First impression on unpacking the Q702 test unit was the solid feel and clean, minimalist styling.
Webroot Internet Security Essentials 2010
Webroot Internet Security Essentials falls short on new-threat detection
Webroot Internet Security Essentials 2010 is in essence Webroot's SpySweeper antivirus/antispyware application packaged with a firewall, an antispam utility, backup software, and internet browsing protection thrown in.
- Good system disinfection rates
- Light on features considering its price, low blocking rate of new threats
Webroot Internet Security Essentials 2010 provides built-in backups, but it's light on features otherwise and has trouble detecting new threats.
Price$ 69.95 (AUD)
While that may satisfy fans of SpySweeper, it may not be enough for everyone else. Webroot Internet Security Essentials 2010 lacks the parental control features that are common in other internet suites, and it falls well short when detecting and disinfecting brand-new malware threats.
Although the Webroot Internet Security Essentials 2010 interface is serviceable, it needs some improvement. Webroot uses a three-column layout, with navigation on the left, configuration options in the middle, and technical details on the far side. We found the interface to be cryptic and unintuitive at times.
Webroot Internet Security Essentials 2010 detected and disabled all active malware infections on our test PC, and it removed all traces of 60 percent of the samples (which sounds low, but was actually above average among the suites we tested). Webroot detected 93 percent of inactive rootkits (stealth malware that is used to hide other malware infections) and all active rootkits, although it left some behind, removing only 87 percent of rootkit samples.
The Webroot suite struggles to stop brand-new malware outbreaks. Although it detected all samples in our behavioural-analysis tests (which involve detecting malware based solely on how it acts), Webroot Internet Security Essentials 2010 blocked only 27 percent of the samples, and fell even further behind by completely removing a mere 13 percent of the samples.
This is an important test of how well a suite will be able to detect new, unknown malware outbreaks; Given how quickly malware advances, Webroot Internet Security Essentials 2010's low scores in this test indicate it may not do a good job of protecting you from zero-day exploits.
That said, Webroot Internet Security Essentials 2010 did reasonably well at detecting malware using traditional signature-based detection, finding 96.2 percent of samples. However, signature-based detection is not as important as it once was, with proactive detection measures becoming more vital.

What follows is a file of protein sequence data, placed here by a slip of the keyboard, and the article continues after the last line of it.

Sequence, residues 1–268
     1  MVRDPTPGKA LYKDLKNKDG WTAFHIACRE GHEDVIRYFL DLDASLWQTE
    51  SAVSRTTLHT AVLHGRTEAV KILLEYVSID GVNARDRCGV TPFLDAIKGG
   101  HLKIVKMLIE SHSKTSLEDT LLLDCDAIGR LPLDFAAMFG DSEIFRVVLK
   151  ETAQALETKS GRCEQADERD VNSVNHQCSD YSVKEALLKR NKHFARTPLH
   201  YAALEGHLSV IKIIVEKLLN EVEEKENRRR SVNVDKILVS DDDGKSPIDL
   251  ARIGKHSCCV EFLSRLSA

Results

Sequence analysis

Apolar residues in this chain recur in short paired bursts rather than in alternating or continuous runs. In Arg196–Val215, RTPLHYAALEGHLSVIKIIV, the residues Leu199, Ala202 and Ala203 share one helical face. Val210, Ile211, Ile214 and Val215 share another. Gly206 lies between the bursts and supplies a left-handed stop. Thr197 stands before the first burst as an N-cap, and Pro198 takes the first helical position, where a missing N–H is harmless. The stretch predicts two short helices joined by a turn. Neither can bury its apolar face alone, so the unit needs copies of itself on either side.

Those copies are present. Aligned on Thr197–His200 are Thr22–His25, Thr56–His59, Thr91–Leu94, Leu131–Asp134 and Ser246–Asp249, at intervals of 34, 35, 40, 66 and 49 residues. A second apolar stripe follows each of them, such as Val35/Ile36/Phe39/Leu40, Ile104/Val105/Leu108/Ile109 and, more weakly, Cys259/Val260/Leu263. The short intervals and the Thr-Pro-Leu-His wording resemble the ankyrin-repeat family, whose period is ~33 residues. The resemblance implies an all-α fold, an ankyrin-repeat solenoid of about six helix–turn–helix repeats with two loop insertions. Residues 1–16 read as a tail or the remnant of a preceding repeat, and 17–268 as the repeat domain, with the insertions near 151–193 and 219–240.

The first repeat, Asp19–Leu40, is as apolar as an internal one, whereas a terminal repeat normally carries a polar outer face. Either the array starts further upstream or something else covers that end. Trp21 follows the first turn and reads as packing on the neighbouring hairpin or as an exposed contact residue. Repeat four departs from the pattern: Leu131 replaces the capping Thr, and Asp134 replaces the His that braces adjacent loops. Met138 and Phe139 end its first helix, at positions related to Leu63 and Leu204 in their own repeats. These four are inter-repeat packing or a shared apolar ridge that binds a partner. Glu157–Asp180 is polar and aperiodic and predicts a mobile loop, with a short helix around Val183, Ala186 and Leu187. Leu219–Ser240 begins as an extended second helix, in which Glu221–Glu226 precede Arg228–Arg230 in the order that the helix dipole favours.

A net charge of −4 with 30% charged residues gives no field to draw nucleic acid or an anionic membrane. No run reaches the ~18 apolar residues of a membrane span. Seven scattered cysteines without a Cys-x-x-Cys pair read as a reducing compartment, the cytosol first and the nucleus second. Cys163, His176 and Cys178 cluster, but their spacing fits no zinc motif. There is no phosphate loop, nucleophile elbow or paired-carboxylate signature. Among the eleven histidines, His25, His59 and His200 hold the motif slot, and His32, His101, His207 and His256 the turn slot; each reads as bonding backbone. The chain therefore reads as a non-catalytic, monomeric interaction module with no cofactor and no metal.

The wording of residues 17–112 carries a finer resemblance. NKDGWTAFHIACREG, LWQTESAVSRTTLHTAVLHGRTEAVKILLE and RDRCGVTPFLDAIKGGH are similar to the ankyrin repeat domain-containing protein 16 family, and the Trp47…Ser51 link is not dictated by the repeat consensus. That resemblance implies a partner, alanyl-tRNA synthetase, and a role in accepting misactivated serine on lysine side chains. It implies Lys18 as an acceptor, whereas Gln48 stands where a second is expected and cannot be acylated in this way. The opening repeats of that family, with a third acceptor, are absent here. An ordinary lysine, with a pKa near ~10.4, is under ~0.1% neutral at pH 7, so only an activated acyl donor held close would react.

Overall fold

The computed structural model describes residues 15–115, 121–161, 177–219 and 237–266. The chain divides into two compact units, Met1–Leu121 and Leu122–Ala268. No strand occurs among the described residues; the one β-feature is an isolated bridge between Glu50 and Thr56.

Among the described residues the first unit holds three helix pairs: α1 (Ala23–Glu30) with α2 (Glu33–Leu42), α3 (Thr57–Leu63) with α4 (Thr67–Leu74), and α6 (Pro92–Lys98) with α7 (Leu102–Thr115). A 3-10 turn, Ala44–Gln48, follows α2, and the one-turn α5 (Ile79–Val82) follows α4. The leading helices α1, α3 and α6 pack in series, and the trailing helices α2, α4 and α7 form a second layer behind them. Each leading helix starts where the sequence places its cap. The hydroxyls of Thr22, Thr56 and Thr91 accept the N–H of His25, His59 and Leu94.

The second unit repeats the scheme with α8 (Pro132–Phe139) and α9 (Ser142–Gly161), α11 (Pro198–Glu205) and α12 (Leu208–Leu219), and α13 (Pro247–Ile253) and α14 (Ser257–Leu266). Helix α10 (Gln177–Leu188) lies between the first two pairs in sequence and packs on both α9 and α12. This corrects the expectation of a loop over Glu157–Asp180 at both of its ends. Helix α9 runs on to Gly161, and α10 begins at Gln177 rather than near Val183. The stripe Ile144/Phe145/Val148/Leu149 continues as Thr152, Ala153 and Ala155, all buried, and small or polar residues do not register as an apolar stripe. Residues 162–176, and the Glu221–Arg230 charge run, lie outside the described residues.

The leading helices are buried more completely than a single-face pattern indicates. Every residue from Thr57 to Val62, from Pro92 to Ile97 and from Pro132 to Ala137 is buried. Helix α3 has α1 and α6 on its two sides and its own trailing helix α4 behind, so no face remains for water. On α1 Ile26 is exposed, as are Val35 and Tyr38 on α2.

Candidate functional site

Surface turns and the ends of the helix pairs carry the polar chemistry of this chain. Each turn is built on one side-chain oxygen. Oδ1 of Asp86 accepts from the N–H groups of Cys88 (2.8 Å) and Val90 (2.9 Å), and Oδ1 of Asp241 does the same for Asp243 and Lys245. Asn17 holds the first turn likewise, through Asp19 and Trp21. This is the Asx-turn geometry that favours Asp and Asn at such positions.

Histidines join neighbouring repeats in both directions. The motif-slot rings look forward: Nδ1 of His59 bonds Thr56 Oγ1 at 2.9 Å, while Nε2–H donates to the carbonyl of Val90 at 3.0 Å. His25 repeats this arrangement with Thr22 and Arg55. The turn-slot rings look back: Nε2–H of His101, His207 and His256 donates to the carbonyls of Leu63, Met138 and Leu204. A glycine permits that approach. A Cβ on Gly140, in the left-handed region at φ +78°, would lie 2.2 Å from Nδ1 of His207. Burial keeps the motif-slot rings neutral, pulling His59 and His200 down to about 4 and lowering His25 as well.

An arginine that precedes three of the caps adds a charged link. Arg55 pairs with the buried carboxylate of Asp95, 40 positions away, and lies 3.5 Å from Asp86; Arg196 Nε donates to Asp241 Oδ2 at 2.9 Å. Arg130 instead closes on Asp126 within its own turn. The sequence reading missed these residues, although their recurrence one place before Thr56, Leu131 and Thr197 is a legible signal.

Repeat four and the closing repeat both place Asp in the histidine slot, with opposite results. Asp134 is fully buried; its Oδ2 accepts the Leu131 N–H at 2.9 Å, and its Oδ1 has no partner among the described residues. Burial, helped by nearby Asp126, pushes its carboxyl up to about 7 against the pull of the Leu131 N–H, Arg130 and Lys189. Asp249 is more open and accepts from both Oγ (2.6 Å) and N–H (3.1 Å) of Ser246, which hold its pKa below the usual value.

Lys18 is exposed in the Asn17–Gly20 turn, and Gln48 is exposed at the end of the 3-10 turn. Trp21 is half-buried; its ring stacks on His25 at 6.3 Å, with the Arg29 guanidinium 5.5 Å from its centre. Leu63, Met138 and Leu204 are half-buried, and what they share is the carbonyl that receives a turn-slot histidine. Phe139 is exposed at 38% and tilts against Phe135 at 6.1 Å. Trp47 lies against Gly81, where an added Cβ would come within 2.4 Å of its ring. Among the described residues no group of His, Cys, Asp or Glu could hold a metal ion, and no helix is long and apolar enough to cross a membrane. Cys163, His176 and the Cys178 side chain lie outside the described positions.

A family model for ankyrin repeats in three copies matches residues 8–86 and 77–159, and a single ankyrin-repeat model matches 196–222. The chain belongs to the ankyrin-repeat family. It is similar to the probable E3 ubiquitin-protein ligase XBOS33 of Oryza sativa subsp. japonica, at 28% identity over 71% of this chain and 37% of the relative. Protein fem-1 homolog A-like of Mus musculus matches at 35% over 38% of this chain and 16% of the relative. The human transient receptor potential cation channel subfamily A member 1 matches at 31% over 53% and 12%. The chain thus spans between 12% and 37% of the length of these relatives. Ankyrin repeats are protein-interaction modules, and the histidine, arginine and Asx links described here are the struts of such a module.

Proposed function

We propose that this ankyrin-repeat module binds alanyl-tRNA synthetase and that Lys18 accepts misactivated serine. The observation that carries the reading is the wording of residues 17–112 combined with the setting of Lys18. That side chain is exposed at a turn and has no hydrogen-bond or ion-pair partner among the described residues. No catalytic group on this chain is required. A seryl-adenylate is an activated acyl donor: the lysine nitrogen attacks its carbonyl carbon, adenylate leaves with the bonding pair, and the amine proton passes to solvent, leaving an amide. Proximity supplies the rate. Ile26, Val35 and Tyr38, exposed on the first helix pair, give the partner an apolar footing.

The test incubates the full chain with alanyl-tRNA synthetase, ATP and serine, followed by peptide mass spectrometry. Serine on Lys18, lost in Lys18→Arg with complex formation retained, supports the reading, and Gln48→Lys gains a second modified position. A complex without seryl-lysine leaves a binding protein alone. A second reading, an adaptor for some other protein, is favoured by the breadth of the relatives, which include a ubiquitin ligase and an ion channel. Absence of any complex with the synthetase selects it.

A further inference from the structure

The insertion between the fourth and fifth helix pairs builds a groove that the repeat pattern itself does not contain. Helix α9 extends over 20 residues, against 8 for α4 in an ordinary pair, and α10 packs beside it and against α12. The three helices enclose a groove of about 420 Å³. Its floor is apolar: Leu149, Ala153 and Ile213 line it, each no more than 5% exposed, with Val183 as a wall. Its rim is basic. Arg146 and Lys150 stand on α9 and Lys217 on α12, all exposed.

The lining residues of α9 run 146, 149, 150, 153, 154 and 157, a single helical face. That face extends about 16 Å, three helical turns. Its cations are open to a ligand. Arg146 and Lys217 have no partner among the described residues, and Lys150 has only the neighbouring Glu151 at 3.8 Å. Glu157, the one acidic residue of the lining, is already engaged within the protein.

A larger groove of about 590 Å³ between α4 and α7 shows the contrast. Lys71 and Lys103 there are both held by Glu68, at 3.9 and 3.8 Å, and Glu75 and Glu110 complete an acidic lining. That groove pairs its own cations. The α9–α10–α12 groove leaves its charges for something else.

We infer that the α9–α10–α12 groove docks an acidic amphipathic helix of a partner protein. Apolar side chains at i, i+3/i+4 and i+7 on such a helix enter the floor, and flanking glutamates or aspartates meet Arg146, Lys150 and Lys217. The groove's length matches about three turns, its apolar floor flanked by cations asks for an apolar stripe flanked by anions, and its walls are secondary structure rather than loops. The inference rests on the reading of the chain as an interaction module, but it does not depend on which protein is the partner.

Webroot Internet Security Essentials 2010 generally had a low impact on system performance, although bootup time (48.4 seconds) was a little on the slow side compared with the average of all suites that we tested. However, on two performance tests (repeatedly copying a file and creating a file) Webroot took longer to complete the task than virtually any other suite in our roundup. Webroot's scan speeds were on the slow side too: it scanned 4.5GB of data in 5 minutes, 34 seconds in our on-access scan test that helps judge how well a product can scan files for malware when they are opened or saved to disk.
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GGG Evaluation Team
For work use, Microsoft Word and Excel programs pre-installed on the device are adequate for preparing short documents.
The Fujitsu LifeBook UH574 allowed for great mobility without being obnoxiously heavy or clunky. Its twelve hours of battery life did not disappoint.
The screen was particularly good. It is bright and visible from most angles, however heat is an issue, particularly around the Windows button on the front, and on the back where the battery housing is located.
My first impression after unboxing the Q702 is that it is a nice looking unit. Styling is somewhat minimalist but very effective. The tablet part, once detached, has a nice weight, and no buttons or switches are located in awkward or intrusive positions.
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